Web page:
Locating: Place and the Moving Body

Taylor, Gretel (2008) Locating: Place and the Moving Body. PhD thesis, Victoria University.


This research project physically and theoretically investigates a relationship between body and place, via site-specific performance-making processes in diverse Australian sites. It encompasses the creation of two live performances and a video installation, the development of which are documented and elucidated in a written exegesis. The exegesis and associated performance processes explore the proposition that movement/ dance—as a spatial practice—can be a mode of locating, or an attempt to locate. ‘Locating’ implies an endless process that is always heading towards location, place, total presence—but may never arrive. Using practice-based, embodied research as its methodology, environmental information from the specific site is gathered via sensory perception tasks, some derived from Body Weather (a movement philosophy developed by Japanese dancer Min Tanaka), generating an improvisational exchange of perception and response. This ‘locating dance’ is the relationship between body and the place: it is simultaneously the seeking of relationship and the expression, enactment or illustration of it. In seeking location in relation to Australian sites from the perspective of a body that is white, the research also interrogates white Australian identity in relationship to this country, with the knowledge of the genocide and dispossession that its history entails. The work of theorists of place and space, as well as local historical and ecological sources, provide the framework for this series of excavations. Via traveling in Europe and to Aboriginal Land in the Northern Territory, insights develop into the cultural and corporeal residue of colonisation. Thus, the specific geographical site of each of the performance works acts also as a microcosm for, or reference point to, the broader site of contemporary Australia and the non-Aboriginal postcolonial experience of place. Representation of the body in performance is constructed in various ways to acknowledge the implications of its whiteness. The locating dances and performance works that comprise Locating: Place and the Moving Body engage in a multi-sensory listening to the country that aspires towards (white Australian) location—that elusive and longed-for ‘belonging’ or true ‘settlement’—yet they do not purport to have found, or even anticipate finding, an endpoint to this dance.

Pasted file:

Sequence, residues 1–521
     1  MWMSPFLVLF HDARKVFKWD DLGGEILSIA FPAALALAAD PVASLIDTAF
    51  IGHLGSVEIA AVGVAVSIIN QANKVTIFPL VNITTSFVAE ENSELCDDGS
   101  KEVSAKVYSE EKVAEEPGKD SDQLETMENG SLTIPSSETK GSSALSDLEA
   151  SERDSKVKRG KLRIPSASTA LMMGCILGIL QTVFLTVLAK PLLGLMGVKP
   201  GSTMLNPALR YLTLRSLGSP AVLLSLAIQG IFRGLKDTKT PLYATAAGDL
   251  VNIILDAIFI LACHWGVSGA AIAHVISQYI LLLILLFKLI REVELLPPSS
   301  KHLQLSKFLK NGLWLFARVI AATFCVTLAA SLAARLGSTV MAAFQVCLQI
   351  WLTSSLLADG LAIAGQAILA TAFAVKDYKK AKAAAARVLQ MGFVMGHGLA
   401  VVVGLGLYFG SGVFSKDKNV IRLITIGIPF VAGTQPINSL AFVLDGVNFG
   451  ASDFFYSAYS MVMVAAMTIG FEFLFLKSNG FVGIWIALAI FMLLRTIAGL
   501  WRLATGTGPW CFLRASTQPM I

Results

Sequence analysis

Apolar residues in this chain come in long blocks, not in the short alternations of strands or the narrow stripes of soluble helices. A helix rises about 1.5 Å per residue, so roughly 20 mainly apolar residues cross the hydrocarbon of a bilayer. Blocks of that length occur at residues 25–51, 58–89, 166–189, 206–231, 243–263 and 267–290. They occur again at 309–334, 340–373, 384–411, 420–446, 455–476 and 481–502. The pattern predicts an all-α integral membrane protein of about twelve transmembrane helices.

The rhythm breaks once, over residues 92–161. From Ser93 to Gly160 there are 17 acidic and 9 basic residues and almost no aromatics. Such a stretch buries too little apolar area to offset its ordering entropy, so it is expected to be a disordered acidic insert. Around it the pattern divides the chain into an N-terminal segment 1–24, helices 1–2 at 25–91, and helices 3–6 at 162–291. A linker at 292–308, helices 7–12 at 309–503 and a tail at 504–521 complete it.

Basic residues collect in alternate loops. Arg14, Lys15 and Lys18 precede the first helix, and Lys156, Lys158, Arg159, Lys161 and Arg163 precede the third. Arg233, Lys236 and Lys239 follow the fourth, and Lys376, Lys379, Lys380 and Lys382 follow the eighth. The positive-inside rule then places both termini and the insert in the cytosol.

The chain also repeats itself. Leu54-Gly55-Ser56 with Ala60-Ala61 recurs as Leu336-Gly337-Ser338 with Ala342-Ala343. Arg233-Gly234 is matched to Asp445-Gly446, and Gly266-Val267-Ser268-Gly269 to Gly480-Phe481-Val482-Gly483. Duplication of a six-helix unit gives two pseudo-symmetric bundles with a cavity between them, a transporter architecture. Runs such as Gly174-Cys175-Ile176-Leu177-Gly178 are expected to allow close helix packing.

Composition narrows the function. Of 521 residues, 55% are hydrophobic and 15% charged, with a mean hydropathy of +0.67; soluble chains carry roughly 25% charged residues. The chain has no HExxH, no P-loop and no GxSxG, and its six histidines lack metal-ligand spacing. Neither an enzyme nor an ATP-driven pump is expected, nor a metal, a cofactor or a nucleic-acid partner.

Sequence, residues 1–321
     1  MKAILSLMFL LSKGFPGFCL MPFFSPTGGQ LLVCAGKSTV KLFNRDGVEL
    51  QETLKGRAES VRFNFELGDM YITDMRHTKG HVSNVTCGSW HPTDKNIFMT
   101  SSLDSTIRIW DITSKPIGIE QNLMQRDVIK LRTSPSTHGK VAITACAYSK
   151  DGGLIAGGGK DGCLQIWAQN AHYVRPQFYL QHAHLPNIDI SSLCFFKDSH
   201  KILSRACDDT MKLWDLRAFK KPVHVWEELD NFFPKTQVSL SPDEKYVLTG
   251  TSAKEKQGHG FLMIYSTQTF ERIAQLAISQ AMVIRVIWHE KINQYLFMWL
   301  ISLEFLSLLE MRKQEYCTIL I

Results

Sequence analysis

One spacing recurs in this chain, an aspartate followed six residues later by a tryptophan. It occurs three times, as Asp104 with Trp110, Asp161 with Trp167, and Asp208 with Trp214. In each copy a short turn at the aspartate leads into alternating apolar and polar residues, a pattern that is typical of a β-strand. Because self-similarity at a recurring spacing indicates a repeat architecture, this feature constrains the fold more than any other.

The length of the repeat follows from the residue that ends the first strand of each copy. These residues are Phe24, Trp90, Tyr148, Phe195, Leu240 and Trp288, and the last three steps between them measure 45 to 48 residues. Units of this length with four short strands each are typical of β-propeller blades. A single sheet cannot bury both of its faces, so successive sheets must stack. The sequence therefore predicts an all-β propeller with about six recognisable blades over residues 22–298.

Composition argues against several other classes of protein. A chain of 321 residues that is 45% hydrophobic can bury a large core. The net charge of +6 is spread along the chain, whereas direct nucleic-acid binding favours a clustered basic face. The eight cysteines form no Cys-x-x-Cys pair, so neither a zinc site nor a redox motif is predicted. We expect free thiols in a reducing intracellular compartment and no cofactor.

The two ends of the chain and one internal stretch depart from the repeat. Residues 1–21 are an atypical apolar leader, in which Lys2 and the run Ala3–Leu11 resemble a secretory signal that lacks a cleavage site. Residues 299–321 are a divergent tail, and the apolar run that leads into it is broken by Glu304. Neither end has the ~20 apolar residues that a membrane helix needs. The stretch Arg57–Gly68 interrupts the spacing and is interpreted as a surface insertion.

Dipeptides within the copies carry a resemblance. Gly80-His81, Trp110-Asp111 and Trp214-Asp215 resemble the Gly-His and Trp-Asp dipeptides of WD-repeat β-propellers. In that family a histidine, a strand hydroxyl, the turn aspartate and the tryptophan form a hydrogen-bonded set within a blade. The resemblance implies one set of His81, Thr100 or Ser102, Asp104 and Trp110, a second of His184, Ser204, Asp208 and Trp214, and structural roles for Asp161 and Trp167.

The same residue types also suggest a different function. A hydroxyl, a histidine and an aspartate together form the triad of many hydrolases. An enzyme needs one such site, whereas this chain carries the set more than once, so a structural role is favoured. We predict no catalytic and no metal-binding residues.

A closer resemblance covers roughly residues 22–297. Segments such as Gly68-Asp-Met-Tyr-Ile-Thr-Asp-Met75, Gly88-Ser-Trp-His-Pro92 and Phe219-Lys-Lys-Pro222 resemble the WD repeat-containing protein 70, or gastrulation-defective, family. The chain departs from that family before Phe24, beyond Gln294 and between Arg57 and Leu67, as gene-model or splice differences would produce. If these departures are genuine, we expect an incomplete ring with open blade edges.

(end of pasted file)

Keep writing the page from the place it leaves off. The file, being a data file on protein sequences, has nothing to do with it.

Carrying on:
Item type Thesis (PhD thesis)
URI https://vuir.vu.edu.au/id/eprint/2050
Subjects Historical > RFCD Classification > 410000 The Arts
Historical > Faculty/School/Research Centre/Department > School of Education
Keywords live performances, locating dances, place and space, white Australian identity
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